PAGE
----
What to Do When Your Classroom Feels...

What to Do When Your Classroom Feels Unsafe

by Anthony Teles
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Going back to school is an exciting and scary experience every September for students of all ages. It is exciting to come back to the classroom, see old friends, and meet new people. But it is especially scary in the middle of a pandemic. On top of concerns about making friends, dealing with bullies, and news stories about school shootings and other violence, you must also take proper measures due to COVID-19. If you find yourself feeling unsafe in the classroom, it is important to talk to your teacher about it. There are different ways to go about this and different things you can say to make your classroom a safer place.

Teachers are not just responsible for your education, but also your emotional and physical well-being inside the classroom. It is important that your teacher works hard to make you feel able to approach them and tell them something is wrong. If that is difficult for you, then reach out to your parents or other teachers and staff at your school that you are comfortable with. Let them know how you are feeling about your classroom and what exactly is making you worried. Those adults can then communicate those issues with your teacher in order to make the changes you need.

When you feel ready to speak to your teacher, do some homework beforehand. Take a look at the policies your school has on classroom safety for bullying, COVID-19, etc. Are there certain rules that your teacher is not following? Or are there things they could be doing beyond those policies? If so, then you are probably not the only one feeling unsafe. It might be easier to approach your teacher with some friends or fellow students who are feeling the same way. You can help make your classroom safer for everyone in it.

If you are feeling unsafe, it will probably take more than one talk to fix it. Make a plan with your teacher on how to change the classroom and be ready to talk to them multiple times. Start with simple suggestions that can be done quickly. Maybe your teacher can set up website filters to block out sites students should not be visiting. Or perhaps they can start including a quiet time in the schedule to allow everyone to calm down and process what has happened that day. It could be as simple as moving desks further apart or rearranging the classroom to allow for better social distancing. Let your parents know what your teacher is doing in response to your talks and see what they have to add. Remember that it is okay to tell your teacher that you disagree with something they are doing. It is important that you and everyone at your school feels safe in order to be healthy and to learn.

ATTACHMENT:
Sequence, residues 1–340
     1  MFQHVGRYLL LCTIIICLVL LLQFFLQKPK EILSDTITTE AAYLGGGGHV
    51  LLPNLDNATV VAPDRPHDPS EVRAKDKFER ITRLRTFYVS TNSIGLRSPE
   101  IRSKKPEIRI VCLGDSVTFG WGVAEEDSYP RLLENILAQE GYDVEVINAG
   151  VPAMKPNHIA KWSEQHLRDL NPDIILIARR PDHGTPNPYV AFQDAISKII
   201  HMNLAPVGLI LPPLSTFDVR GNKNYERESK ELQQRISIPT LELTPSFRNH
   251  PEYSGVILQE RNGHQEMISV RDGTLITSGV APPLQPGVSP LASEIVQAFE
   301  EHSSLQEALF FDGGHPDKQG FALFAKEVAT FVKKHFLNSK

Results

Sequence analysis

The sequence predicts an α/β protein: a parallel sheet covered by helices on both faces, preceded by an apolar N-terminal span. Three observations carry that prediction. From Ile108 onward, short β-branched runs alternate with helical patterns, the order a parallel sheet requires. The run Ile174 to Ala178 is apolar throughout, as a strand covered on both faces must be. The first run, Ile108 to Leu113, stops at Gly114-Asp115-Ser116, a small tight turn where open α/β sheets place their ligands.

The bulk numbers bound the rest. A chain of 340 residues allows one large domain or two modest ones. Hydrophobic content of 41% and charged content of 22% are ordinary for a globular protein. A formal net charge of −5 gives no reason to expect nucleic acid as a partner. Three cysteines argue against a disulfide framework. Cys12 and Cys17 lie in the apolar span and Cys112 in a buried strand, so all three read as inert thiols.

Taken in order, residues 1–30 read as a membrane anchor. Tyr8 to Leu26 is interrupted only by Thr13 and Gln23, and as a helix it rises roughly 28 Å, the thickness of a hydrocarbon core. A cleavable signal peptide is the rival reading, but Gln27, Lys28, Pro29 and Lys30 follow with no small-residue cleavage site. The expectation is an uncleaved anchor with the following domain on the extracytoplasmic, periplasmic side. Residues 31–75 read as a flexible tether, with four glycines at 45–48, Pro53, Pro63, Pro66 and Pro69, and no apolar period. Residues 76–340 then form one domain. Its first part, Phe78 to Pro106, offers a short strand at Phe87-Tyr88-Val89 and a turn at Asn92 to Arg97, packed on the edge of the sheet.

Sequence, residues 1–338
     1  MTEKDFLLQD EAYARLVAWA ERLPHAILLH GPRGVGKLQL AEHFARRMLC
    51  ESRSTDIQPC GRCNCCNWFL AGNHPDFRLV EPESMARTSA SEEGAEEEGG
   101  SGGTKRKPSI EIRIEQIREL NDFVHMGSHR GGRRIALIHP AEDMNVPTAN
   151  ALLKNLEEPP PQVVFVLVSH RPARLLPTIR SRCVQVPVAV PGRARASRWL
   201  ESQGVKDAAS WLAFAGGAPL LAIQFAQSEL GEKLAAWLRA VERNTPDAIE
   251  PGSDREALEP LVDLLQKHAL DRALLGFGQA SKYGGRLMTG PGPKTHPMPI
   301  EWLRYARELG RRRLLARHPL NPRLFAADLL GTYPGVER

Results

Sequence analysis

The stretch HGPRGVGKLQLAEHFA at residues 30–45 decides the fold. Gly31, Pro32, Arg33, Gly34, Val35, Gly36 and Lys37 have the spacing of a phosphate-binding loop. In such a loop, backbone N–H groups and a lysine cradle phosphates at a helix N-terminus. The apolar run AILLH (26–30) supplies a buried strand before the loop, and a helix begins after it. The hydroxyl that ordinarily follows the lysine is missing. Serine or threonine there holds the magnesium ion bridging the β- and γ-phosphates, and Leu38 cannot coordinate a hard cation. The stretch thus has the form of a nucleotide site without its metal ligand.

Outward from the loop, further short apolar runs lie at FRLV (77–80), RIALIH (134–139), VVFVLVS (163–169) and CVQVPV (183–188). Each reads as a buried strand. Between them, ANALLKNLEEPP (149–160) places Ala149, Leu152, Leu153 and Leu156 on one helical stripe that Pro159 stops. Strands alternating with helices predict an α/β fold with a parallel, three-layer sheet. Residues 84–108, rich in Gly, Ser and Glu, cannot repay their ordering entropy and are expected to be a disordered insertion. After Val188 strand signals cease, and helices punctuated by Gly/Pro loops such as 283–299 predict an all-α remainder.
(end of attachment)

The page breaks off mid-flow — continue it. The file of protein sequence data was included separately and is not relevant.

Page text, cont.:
Being a student is hard work. So is being a teacher. It is important that teachers and students work together to make the classroom a fun and safe place of learning. Each room in a school is filled with young, growing minds, and the way they are taught will have a big impact on them and the world’s future. If you are feeling unsafe in your classroom for any reason, reach out to a trusting adult or your parents about the issue. Work together to figure out ways you can work on making it better. Making yourself feel safe will help make your school a better place.


Curtello, Amy. “How Teachers Can Help Students Feel Safet at School.” James Stanfield. https://stanfield.com/how-teachers-can-make-students-feel-safe-school/

Education World. “Creating a Safe Classroom Environment.” https://www.educationworld.com/a_curr/creating-safe-classroom-environment-climate.shtml

Perry, Bruce D. “Creating an Emotionally Safe Classroom.” Scholastic. https://www.scholastic.com/teachers/articles/teaching-content/creating-emotionally-safe-classroom/

Tholen, Celeste. “6 Ways You Can Help Your Kids Stay Safe at School.” SafeWise. https://www.safewise.com/blog/what-parents-can-do-to-make-sure-kids-are-safe-at-school/

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